LEADING A BUYOUT of the company that he has worked at for over a decade was all about keeping his friends employed for Brendan Heneghan.
The Dubliner is the chief operations officer of renewable energy engineering services Ionic Consulting, recently re-named from Wind Prospect Ireland.
Together with the company’s Irish managing director Ken Boyne, Heneghan has just taken control of Wind Prospect Ireland in a move that secured the firm’s 40 jobs.
Heneghan has been at Wind Prospect Ireland since 2006, and a director since 2011. The firm was the Irish arm of the Bristol-based Wind Prospect Group.
The Wind Prospect Group has recently been hit financially, struggling to cope as the UK government became less keen to subsidise renewable energy developments.
The company lost about £1.6 million in 2015 and has started closing some of its subsidiaries outside of the UK.
In a move to avoid the same fate, Heneghan and Boyne approached Ulster Bank and managed to secure a loan facility.
The pair used the facility, alongside some of their own money, to buy out the shareholders of the Irish company. They did not give any detail on how much the business cost to buy or how large the loan facility was.
Wind Prospect Ireland has now been re-branded as Ionic Consulting. The firm, which employs about 40 people between its offices in Dublin and Kerry, provides a range of engineering services for renewable energy projects.
Speaking to Fora, Heneghan said that when he and Boyne saw the UK parent struggling, they didn’t want the same thing to happen in Ireland.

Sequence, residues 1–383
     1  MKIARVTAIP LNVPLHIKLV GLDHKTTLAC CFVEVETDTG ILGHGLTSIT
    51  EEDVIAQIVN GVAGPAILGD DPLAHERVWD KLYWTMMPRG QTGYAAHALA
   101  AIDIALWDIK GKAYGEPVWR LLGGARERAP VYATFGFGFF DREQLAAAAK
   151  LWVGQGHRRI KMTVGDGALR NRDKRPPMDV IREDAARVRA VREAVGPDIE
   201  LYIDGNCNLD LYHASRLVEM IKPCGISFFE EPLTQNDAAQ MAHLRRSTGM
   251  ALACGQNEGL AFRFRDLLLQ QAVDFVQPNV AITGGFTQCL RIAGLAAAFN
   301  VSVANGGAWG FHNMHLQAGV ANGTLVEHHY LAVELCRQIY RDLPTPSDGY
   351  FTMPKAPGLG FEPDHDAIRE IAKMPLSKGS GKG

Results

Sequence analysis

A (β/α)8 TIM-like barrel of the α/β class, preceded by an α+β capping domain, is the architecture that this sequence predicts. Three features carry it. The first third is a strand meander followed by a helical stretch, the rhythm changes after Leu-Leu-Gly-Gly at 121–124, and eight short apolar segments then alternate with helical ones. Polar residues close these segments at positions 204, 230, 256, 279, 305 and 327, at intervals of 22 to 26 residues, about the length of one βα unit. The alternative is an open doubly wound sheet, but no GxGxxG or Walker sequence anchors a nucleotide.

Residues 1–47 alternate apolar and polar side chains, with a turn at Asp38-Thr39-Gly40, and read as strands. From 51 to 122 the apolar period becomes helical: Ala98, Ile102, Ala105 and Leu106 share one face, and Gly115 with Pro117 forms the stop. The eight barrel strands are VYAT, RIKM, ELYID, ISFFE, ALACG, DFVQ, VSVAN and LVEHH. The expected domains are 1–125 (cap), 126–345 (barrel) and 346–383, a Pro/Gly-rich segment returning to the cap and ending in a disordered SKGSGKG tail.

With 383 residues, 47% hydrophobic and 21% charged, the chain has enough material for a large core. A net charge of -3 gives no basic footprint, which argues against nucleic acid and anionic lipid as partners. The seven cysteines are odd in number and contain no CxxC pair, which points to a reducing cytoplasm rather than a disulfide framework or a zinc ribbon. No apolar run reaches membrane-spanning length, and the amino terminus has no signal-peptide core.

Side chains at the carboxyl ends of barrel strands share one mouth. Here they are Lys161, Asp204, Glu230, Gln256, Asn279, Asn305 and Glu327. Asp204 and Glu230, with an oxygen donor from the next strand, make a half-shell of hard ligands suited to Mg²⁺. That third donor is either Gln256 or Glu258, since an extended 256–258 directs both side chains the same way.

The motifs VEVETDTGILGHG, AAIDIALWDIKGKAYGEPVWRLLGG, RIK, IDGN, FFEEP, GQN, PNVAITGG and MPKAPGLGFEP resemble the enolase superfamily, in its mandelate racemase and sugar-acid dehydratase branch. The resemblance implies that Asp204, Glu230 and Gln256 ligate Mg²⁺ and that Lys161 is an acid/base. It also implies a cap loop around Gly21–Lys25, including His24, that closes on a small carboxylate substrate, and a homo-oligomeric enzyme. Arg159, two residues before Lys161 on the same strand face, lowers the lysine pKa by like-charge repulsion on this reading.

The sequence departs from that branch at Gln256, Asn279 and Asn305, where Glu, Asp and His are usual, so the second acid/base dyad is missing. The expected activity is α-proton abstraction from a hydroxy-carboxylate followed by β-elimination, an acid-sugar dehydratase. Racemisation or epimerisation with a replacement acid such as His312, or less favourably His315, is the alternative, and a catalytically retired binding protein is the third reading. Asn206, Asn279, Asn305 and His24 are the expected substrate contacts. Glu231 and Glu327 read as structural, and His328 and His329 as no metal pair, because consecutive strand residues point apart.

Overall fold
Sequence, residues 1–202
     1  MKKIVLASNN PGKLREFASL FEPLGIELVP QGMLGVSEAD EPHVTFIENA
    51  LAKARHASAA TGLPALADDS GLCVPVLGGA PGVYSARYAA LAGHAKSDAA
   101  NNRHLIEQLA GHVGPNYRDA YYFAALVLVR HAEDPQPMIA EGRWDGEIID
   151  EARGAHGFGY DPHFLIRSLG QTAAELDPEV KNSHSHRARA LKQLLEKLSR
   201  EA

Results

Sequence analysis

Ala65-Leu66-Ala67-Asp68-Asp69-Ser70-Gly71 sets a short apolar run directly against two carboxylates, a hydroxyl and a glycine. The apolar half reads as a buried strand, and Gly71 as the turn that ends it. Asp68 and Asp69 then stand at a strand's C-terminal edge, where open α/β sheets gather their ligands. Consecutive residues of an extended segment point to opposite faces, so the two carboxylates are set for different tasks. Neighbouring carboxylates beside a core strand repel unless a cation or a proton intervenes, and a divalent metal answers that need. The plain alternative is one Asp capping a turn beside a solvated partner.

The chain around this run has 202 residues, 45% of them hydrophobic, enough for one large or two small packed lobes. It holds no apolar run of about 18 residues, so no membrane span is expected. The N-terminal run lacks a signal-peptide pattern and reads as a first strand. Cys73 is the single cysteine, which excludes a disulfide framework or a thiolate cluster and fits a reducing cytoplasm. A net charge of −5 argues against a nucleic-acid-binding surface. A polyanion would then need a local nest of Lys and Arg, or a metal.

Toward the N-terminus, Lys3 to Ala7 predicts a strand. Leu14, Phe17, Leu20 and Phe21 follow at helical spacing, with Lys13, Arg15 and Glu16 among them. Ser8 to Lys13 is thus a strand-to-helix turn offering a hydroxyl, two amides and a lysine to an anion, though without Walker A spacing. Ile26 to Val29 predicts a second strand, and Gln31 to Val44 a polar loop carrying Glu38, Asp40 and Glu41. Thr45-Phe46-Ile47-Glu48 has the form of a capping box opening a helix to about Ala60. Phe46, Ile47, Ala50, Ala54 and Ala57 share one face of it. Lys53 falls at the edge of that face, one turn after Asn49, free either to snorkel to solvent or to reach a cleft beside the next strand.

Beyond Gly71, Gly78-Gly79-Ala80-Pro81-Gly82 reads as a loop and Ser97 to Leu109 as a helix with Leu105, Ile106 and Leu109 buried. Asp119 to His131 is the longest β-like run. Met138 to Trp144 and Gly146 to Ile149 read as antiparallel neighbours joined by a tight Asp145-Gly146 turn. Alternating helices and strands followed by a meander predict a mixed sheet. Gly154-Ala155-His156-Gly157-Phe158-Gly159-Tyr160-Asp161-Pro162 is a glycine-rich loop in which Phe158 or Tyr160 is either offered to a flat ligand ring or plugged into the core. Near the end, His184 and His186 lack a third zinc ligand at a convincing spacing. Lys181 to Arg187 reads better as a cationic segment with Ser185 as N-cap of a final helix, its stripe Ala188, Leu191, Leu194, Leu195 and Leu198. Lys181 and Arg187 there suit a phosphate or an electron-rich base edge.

“It was a very amicable buyout. The shareholders we bought out, we’ve all known each other for quite a long time,” he said.
“For our colleagues and for us not to lose our positions, that was our primary reason to do it.
“These are people who I’ve worked with, some for 11 years. When you work with people for that long and you have that loyalty, if you can secure their jobs then I think there is an onus on you to do that.”
Heneghan said that while he and others could have looked to move elsewhere, “we like the people that we work with and we like our clients”.
“I think that’s the most important thing for us. They’re not just our colleagues, they’re our friends.”
Heneghan acknowledges that there is now more pressure on both him and Boyne as they now own and head up Ionic.
“There’s an additional responsibility. We’ve got the same duties as directors but we have the additional incentive of a big loan hanging over us. We’re excited and nervous.”
Ionic had turnover of about €5 million last year and is profitable. So far, the Dublin company has mainly done engineering work in Ireland that supports onshore wind developments.
However, Heneghan wants the company to start working on other renewable energy projects, such as those in solar and biomass, and also wants to do more work abroad.
“There may be opportunities in Africa and Asia, and there are already opportunities throughout Europe,” he said.
“We see a bigger involvement in solar and biomass, both in Ireland and internationally. There is no reason why the company can’t grow in the coming years (but) initially it’s just about securing the existing jobs and diversifying our base.”